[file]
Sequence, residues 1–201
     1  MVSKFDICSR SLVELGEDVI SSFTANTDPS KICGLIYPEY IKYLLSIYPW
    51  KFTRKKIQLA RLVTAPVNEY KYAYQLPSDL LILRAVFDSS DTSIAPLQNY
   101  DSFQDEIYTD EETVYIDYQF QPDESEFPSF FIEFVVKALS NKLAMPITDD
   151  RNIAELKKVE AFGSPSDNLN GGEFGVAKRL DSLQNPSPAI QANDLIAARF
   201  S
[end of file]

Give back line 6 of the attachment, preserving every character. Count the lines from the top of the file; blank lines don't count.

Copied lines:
   201  S